City council discusses extension on freeze of downtown development

10 months 4 hours 3 minutes ago Monday, November 21 2016 Nov 21, 2016 Monday, November 21, 2016 6:45:00 PM CST November 21, 2016 in News
By: Laura Barczewski, KOMU 8 Reporter
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COLUMBIA — The Columbia City Council unanimously voted to extend the freeze on downtown housing developments to March 31, 2017.

The freeze was originally supposed to end on December 1, 2016.

This “administrative delay” includes the processing of applications for building permits to construct new apartment buildings and the demolition of buildings that are at least 50-years-old in a certain area.

Michael Trapp, city council member for Ward 2, said he was originally against the initial delay, but now that it’s in effect he has changed his mind.

“Planning and zoning has taken a lot of public comment and is working on another draft of the revised zoning codes. So we can’t really rush that process. So it makes sense to extend the administrative delay until we have clarity in regards to what are the rules to develop downtown,” Trapp said.

He said the reason for the initial delay was, “to make sure that we reform the zoning code so that we had stricter rules governing the appearance of downtown buildings and that there are greater protections for quality of life and sense of place issues.”

A student housing vacancy report was also introduced to the city council.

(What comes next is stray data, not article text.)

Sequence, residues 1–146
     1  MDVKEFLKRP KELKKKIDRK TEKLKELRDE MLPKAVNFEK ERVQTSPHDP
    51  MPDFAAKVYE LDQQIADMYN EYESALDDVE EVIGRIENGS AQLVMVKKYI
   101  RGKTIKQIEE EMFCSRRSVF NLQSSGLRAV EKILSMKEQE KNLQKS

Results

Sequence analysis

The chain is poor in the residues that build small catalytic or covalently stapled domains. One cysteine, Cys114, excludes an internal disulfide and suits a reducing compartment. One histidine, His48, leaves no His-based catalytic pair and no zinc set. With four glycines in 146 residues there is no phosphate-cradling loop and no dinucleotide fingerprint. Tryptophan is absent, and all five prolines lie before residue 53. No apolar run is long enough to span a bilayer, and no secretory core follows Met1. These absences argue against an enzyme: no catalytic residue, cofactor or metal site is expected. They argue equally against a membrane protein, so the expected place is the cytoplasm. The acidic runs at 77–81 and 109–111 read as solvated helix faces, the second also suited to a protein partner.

That report looked at Columbia’s overall rental housing market and student housing market.

Lelande Rehard put together the report for the city council and gathered the data from a variety of sources.

“What we found is the vacancy rate off campus is higher than it is downtown, which could be normal, but we don’t have enough data to track a trend,” Rehard said.

The University of Missouri Off-Campus Student Services and the city joined together to collect data for the report and found ““18 of the 25 participants reported they planned on advertising their units to non-students and 7 of the 25 participants reported they reduced their monthly rent from last year to help fill vacancies.”

Trapp said, “What I saw is that all of the downtown stuff is leased up. That is still a strong product.”

The report also states, “The number of applicants, enrolled students and transfers for almost all segments were down for Fall 2016.”

“We know that there is a gap between the designated number of student units and the number students who pursue housing off-campus,” Trapp said.

Rehard said the drop in enrollment won’t be felt until Fall 2017 when previous freshman are looking for housing.

There is no call to action on the report, it was mainly informational for the council and community.

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